Figure 1.
PTEN deletion increases PREX2 expression while PI3K/AKT inhibitors destabilize its expression. (A) Mouse embryonic fibroblasts (MEFs) were isolated from PTENL/L, Rosa26-CreERT2 E14 embryos and treated with 1µM of 4-hydroxytamoxifin (4-OHT) to ...

Finally, we investigated how changes in upstream signaling events are related to changes in gene expression regulation. As we have observed strong downregulation of p57 and upregulation of IGF2, we used the gene expression regulation of these genes as read outs to investigate the molecular mechanisms of their perturbation in PREX2 mutant tumors. In our published report, we showed that PREX2 mutation or PTEN deletion induces DNA hypomethylation at the critical imprint control region of p57 and IGF2 which has the well-known effect of downregulating p57 and upregulating IGF2.15-17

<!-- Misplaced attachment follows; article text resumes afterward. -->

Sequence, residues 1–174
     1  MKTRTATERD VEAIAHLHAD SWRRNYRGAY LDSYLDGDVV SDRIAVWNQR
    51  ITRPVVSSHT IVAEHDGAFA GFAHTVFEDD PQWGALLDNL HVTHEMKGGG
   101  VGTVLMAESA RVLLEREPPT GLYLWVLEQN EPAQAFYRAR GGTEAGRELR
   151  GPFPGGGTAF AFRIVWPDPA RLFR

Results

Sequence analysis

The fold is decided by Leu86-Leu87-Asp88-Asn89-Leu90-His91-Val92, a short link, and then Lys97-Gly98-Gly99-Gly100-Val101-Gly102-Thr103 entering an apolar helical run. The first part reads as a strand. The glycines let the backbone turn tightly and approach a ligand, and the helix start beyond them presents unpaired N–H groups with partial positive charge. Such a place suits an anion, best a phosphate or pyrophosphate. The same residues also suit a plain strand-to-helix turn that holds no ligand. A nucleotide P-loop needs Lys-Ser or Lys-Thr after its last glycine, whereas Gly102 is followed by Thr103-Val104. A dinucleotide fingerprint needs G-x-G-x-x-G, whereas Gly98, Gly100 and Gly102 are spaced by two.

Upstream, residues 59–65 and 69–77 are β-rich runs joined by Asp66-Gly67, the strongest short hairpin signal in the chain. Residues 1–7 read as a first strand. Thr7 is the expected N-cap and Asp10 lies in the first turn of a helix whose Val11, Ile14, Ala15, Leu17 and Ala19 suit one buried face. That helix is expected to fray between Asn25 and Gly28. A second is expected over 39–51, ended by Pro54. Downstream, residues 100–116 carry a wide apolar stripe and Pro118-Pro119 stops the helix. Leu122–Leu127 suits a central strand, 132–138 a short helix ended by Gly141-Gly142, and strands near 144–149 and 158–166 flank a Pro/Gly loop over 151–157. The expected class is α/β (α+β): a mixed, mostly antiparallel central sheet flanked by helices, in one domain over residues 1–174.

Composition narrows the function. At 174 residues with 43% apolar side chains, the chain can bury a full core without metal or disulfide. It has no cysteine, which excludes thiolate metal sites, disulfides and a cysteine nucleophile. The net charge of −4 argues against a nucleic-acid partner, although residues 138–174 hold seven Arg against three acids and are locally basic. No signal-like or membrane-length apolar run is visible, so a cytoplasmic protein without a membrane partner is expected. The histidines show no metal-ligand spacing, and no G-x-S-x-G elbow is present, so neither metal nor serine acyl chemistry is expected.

Here, we provide further information that support these observations. First, we performed global chromatin immunoprecipitation and sequencing (ChIP-Seq) analysis of an additional epigenetic regulatory mark which is implicated in regulation of genomic imprinting, i.e Histone H4 lysine 20 methylation.16,18,19 We investigated all 3 possible methylation marks, (H4K20) mono-(Me1), di-(Me2) and tri-methylation (Me3), in primary immortalized melanocytes. We observed significant global reduction in H4K20Me3, but not in H4K20Me1 and Me2, in cells expressing PREX2 mutants as compared to GFP control and wildtype PREX2 (Fig. 2A–C). Analysis of H4K20Me3 ChIP-seq profile using a peak-calling algorithm, Scripture,20 showed that H4K20 marks were indeed enriched in the imprint control region as described before,21 and that H4K20Me3 mark was reduced at the imprint control region in cells expressing mutant PREX2 compared to wildtype controls (Fig. 3A). To further quantify these results, we performed qPCR analysis of the H4K20Me3 levels in the ICR locus which showed consistent reduction of this methylation mark in PREX2 mutant samples (Fig. 3B).